I also immediately found myself impressed by the opportunity at Grammarly for true global impact. Communication is difficult and complex—that’s a universal challenge. Everyone, myself included, knows what it’s like to struggle with it. And this challenge often stands in the way of people’s potential and their impact, even their progress in life. So helping people get their best thinking across struck me as a big, meaningful, and compelling opportunity.
Testing our hypothesis
Central to the work of Grammarly Business has been the hypothesis that better written communication is vital for companies—it’s not just a nice-to-have. So we set out to show that our product is about far more than just fine-tuning the writing at a company. Early results are clear: improving employees’ written communication helps companies perform at new levels.
There’s often a trade-off between how much workers can get done and how well they can get it done. What amazes people about Grammarly’s impact is that it expands both of these frontiers at once, allowing you to do more and do it better. That’s a direct and measurable improvement to productivity, customer experience, and employee engagement.
What this means is that organizations can address massive hidden costs. Estimates put the silent cost of miscommunication in the thousands of dollars yearly per employee. And framing this in terms of a dollar amount may not fully capture the toll in terms of confusion, lost time, and employee and customer frustration. All of this bolsters our belief that once companies start using Grammarly at scale, they’ll quickly appreciate how valuable it is.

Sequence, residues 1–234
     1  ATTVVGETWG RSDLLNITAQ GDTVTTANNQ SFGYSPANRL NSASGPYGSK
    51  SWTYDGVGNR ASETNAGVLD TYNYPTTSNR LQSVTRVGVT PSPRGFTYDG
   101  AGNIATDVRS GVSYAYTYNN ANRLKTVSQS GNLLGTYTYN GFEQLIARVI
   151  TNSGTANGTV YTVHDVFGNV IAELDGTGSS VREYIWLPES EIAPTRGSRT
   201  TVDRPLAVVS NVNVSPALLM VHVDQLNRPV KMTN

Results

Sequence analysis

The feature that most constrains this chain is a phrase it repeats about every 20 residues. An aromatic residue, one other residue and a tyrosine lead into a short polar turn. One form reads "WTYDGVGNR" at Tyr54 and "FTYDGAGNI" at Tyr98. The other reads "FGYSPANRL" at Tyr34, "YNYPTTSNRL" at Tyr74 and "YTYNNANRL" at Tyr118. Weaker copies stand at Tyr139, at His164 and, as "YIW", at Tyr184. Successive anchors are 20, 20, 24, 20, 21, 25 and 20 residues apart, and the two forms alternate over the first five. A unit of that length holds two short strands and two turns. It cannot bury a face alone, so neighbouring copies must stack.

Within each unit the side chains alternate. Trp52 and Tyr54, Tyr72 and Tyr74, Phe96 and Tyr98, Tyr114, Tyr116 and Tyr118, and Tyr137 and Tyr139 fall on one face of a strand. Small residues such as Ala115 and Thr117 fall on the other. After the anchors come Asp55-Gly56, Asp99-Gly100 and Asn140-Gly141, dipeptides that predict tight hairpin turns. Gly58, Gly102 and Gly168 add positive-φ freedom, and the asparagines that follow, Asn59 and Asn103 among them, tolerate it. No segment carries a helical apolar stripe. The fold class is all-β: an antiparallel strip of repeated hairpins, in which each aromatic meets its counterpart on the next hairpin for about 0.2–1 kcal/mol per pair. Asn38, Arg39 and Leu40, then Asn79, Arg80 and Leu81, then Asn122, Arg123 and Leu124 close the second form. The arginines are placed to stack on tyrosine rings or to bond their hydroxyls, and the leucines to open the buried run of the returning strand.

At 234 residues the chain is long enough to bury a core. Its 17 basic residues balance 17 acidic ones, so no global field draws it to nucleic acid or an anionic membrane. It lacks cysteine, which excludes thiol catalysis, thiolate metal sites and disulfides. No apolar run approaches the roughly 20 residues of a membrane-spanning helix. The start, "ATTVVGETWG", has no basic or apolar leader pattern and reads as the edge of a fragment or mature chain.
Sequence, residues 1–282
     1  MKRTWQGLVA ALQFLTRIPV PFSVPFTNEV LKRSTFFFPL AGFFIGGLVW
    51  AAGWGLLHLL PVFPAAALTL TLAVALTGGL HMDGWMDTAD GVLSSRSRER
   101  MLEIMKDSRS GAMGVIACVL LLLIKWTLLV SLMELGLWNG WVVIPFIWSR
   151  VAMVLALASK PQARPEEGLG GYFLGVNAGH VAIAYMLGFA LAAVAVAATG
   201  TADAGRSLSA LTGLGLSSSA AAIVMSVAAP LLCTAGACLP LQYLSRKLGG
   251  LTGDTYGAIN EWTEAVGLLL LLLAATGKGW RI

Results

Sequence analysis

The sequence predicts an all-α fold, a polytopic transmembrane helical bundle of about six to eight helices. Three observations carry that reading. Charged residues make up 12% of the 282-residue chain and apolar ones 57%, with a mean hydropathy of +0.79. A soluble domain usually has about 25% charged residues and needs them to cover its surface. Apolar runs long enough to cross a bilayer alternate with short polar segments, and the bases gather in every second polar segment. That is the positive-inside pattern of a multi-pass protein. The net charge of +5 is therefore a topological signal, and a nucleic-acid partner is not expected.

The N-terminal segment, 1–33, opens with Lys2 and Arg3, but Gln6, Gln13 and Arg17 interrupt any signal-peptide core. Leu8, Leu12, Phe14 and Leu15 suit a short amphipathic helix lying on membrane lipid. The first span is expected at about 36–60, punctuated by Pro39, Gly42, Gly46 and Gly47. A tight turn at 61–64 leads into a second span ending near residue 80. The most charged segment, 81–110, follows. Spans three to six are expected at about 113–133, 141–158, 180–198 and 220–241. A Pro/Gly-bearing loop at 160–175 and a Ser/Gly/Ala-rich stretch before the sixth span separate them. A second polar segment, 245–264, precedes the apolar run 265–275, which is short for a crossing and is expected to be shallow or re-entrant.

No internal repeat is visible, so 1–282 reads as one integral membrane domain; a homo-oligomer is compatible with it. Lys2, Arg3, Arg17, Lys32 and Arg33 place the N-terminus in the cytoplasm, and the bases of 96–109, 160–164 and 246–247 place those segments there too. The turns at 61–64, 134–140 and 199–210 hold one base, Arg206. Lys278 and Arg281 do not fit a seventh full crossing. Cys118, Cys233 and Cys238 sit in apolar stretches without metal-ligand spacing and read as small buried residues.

Put another way, we’re beginning to see clear and consistent indications that the hypothesis behind Grammarly Business is correct. The benefit is not only notional but tangible. For companies that are used to operating in a world of trade-offs, it’s powerful.
Expanding our empathy
Grammarly has enjoyed considerable success in helping individuals. Much of that success owes to empathy: Grammarly team members have been able to intuit what people need thanks in no small part to the company’s highly multilingual, multinational workforce.
Translating these strengths to Grammarly Business requires some reorientation. We’re stepping away from Grammarly’s established successes and into less familiar territory, closer to the mindset of a scrappy start-up. We don’t always have direct experience with other industries, for instance, so we have to build new kinds of knowledge. In this context, we’re relentlessly focusing on listening, learning, and internalizing what managers, directors, executives, or other organizational leaders need. The challenges they’re facing to drive results as the nature of work changes are many—and it takes curiosity and humility to understand how we can support their efforts with Grammarly Business.
One example of this kind of approach emerged after the beginning of the COVID-19 pandemic. We saw the challenges facing so many nonprofits and NGOs organizations around the world and wanted to take some action that we could be proud of. Grammarly Business set aside some growth goals and devoted valuable resources to tailor a special offering that could support these organizations. Then we made the decision not to charge for it through all of 2020—or even to request payment information, which many free versions of professional software would require.